“It’s increasingly difficult to have those relationships today when so many people try to commoditize an engineered component,” said Wayne Braun, director of business development – industrial products, Bradken. “The value added to that relationship put forward co-designing the component to yield the best results and lowest cost of quality.”
The components were cast via the nobake sand casting process utilizing a 50 ksi grade of steel casting to an ASTM A958 specification, which is one of a number of standard grades for the structural market.
The two companies used a collaborative relationship to produce the connections. There was feedback, give-and-take, input, and evidence of a strong professional relationship.
“Not everybody can do this because there are a lot of technical and quality back-and-forth between the two because of the importance of these components, not only the structural integrity but also the expectation visually,” Braun said. “In addition, the precision needs to be put in the weld-prep areas so that these castings fit into the plane. This allows them to be fabricated in position without creating potential dimensional issues at the fabricator when he goes to do fit-up.”
Braun said “getting off on the right foot” was important for the project. The metalcaster didn’t want to get far along and find out the finished component did not match expectations. Representatives of different parts of the project’s chain were invited to see the castings and provide feedback.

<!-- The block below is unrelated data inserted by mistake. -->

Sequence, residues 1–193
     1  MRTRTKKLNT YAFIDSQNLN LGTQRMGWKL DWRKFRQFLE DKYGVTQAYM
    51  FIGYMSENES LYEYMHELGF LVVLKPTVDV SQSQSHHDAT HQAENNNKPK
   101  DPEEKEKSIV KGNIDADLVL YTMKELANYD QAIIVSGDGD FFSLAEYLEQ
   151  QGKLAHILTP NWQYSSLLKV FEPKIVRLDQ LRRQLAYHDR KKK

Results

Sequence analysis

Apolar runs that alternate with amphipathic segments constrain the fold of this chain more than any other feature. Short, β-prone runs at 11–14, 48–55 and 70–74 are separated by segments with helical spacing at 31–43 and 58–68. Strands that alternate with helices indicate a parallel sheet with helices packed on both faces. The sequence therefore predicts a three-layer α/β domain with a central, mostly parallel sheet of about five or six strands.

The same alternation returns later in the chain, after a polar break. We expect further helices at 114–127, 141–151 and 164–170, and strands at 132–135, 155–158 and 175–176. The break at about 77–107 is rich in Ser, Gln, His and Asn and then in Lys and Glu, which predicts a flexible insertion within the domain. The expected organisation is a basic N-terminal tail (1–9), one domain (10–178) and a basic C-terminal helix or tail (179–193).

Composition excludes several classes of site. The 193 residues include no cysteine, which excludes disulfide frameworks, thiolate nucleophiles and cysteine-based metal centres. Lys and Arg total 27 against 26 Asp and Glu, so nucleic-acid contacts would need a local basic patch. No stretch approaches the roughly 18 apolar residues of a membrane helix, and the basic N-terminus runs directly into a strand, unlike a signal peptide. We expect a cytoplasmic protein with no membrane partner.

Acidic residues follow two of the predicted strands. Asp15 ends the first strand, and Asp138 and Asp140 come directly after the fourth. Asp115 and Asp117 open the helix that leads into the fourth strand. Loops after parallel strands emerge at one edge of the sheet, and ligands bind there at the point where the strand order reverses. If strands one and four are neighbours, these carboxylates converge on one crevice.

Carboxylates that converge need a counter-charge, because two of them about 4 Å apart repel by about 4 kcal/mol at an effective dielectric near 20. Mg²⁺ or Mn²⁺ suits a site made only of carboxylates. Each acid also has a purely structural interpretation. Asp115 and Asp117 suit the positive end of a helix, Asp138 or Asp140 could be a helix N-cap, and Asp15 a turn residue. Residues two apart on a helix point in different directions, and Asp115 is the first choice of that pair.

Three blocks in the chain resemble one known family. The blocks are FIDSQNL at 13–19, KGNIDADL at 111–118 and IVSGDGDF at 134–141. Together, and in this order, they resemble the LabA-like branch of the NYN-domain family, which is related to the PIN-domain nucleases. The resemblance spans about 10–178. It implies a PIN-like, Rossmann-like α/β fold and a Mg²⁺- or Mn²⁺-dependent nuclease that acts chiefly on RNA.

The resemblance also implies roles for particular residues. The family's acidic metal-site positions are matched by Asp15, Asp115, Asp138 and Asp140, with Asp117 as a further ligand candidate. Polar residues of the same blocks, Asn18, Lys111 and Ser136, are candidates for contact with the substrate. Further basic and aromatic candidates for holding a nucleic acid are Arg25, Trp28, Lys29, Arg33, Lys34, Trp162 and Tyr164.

“Getting that first article done and understanding that you’ve laid the part out properly, and have machined it within the plane is why we do the 3-D overlay,” Braun said. “Or we’ll lay it out and then send them the file, and they will then put it in the envelope to make sure that it complies. Once you’ve got that locked down, then you can be sure your subsequent parts are going to yield the precision that’s required in the dimensional component.”
Other manufacturing processes theoretically could have been used to create this component. Casting, however, brought many distinct advantages. Beyond the aesthetics, it holds an ability to handle a bigger range of challenges, not to mention the absence of weld joints, leading to more capability to handle stresses.
“One of the advantages is the ability to make shapes that are aesthetically pleasing to an architect,” Braun said. “If you combine those with the various grades and strengths that steel offers in addition to its weldability, it really gives you a number of options that allow you to cast shapes that are extraordinarily difficult or almost impossible to fabricate.”
Projects like these have another advantage: it can help a firm like Bradken continue to make its mark in the architectural world. Bradken is a member of the American Institute of Steel Construction, and Braun and de Oliviera have given co-talks on the use of steel castings and the benefits they can bring.
“We can say not only do we believe this, we’re actually doing it and we’ve done it in this example, this example and this example,” Braun said. “You don’t want somebody who’s never done one before that says ‘Yeah, I think we can cast that shape,’ because it’s about understanding what you’re casting, why you’re casting and what’s important on that casting.”